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Re: RFC: kernel-modules in Fedora Extras

On Fri, 2006-01-06 at 11:30 +0100, Thorsten Leemhuis wrote:
> The most important rule for packages with kernel modules: There are
> always at least two SRPMS -- one builds a userland package (tools,
> documentation, license, udev configuration etc) of the source, the other
> builds packages with *only* the kernel-module(s). The packager is free
> to split the userland-package further into one with a the general 
> userland parts, that works fine without the kernel-modules, one with
> the kernel-module related parts and one with the kernel-module(s). 
> The userland package with the parts that are related to the
> kernel-module(s) must follow follow the standard guidelines for Fedora 
> Extras packages with one additional rule:
> - MUST: The package needs to require the belonging kernel-module
>   with something like "Requires: kmod-%{name} = %{version}"

What happens if a driver gets merged into the kernel upstream?  Or if
davej et. al decide to put it in the Core kernel package for one reason
or another?  Will the Core kernel package now have to have a
Provides/Obsoletes: kmod-%{name} ?

Cases like this probably won't come up all that much, but it will
happen.  In general, what happens when a module moves from Extras to

> Besides rules around the packaging there is one additional *before*
> you start packaging a kernel module for Fedora Extras: Open a Review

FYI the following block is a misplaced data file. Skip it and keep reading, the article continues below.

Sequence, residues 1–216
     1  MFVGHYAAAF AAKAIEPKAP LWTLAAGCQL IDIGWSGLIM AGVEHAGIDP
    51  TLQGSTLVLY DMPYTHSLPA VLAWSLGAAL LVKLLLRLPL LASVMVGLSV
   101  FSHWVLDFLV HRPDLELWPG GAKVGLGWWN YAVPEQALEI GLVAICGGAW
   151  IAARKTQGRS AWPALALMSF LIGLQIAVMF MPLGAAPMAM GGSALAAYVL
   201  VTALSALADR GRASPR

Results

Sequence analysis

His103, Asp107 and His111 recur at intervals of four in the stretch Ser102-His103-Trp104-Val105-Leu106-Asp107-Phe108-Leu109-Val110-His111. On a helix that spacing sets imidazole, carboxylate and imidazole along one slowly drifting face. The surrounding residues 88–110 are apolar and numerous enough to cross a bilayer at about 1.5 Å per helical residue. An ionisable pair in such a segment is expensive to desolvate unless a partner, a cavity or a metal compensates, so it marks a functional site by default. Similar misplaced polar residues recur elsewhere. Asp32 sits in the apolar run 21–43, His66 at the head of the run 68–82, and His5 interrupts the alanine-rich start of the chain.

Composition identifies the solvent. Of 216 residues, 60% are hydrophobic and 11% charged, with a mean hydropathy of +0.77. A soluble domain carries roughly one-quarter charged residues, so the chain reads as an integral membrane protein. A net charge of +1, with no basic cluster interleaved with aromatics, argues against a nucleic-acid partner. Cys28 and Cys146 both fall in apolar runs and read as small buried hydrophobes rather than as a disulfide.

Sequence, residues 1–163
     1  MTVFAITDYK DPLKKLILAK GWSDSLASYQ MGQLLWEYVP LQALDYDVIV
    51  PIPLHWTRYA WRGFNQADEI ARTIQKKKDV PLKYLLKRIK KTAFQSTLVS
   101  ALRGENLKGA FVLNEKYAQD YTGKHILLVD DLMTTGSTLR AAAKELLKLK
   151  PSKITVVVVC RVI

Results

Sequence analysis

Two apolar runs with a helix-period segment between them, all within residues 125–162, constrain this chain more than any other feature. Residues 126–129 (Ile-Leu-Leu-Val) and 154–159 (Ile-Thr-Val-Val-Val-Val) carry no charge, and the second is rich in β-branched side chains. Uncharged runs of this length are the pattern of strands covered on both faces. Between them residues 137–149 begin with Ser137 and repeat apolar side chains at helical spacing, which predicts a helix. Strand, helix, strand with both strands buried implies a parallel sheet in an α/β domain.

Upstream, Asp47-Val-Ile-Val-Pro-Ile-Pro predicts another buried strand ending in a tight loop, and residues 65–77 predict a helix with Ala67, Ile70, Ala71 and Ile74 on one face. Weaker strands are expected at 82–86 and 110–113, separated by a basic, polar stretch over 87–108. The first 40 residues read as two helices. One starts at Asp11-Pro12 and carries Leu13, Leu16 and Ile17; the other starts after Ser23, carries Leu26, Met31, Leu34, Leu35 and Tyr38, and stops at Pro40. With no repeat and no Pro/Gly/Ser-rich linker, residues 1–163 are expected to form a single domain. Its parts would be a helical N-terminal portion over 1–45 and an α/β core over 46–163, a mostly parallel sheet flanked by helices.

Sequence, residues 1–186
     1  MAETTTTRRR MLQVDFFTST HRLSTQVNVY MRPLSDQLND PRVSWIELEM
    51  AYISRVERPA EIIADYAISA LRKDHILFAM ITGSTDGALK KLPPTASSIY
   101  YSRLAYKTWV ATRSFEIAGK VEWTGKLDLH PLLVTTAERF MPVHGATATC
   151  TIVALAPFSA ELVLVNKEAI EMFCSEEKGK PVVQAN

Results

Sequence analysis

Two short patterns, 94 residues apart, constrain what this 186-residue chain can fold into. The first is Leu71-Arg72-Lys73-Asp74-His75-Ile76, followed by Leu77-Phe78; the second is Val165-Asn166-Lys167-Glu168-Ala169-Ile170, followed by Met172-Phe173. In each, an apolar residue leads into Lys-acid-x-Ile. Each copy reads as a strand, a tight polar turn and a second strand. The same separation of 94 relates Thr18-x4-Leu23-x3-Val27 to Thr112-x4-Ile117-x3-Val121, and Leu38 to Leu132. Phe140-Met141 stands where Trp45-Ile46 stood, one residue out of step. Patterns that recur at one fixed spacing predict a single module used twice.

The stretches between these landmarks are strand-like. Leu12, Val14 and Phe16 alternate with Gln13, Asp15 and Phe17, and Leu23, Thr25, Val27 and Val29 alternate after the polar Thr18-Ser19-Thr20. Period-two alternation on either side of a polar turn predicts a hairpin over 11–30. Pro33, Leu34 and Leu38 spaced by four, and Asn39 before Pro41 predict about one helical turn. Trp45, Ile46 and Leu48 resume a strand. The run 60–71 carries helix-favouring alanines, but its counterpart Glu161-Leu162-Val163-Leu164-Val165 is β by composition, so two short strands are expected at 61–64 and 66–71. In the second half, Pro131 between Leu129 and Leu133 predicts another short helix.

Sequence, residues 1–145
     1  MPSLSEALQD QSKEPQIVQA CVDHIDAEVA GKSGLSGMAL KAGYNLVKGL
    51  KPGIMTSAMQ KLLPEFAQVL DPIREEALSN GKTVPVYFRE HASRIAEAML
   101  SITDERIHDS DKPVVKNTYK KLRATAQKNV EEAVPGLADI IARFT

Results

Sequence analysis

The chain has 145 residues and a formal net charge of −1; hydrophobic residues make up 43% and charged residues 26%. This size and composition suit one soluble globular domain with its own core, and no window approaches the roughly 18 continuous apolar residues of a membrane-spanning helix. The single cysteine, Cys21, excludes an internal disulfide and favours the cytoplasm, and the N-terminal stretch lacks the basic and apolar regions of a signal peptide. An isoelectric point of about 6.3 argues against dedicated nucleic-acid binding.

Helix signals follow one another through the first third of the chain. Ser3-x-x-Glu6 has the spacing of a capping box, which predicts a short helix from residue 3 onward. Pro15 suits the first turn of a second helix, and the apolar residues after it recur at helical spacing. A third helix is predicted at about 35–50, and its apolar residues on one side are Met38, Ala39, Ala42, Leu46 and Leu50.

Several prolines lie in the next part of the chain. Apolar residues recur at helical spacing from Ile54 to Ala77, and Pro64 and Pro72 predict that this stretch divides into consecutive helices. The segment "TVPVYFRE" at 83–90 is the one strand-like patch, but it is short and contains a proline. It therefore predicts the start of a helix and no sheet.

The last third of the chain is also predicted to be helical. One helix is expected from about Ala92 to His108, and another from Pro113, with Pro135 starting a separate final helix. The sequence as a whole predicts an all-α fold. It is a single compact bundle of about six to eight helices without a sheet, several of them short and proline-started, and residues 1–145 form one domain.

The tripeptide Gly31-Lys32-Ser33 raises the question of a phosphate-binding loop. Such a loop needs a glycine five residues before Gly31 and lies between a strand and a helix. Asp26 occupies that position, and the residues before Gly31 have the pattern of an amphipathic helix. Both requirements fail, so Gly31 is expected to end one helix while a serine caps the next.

> bug in http://bugzilla.redhat.com and ask FESCo for permission if this
> module is allowed for Extras. This requires that you give at least the 
> following informations:
> - Name of the package
> - URL of the project and a tarball of the latest version
> - License
> - A publishable explanation from the author(s) why the module is not
>   merged with the mainline kernel yet and when it's planed to get
> merged. You of course can ask the author to explain it directly in the
> bug report.

> Why all this?
> - The Fedora Project wants to encourage driver developers to merge their
>   sources in the kernel
> - It easier for everyone if the modules are in the main kernel
> - There is often a good reason why the kernel developers refuse to merge
>   a driver. If it's not good enough for the kernel, why should it be 
>   good enough for Fedora?
> - Most modules that are maintained independently of the kernel have
>   licensing issues that also make it impossible to ship them in Fedora 
>   Extras.

There are some modules out there that have no intentions of merging into
upstream, such as openAFS.  That fact alone shouldn't be a reason to not
package it for Extras.


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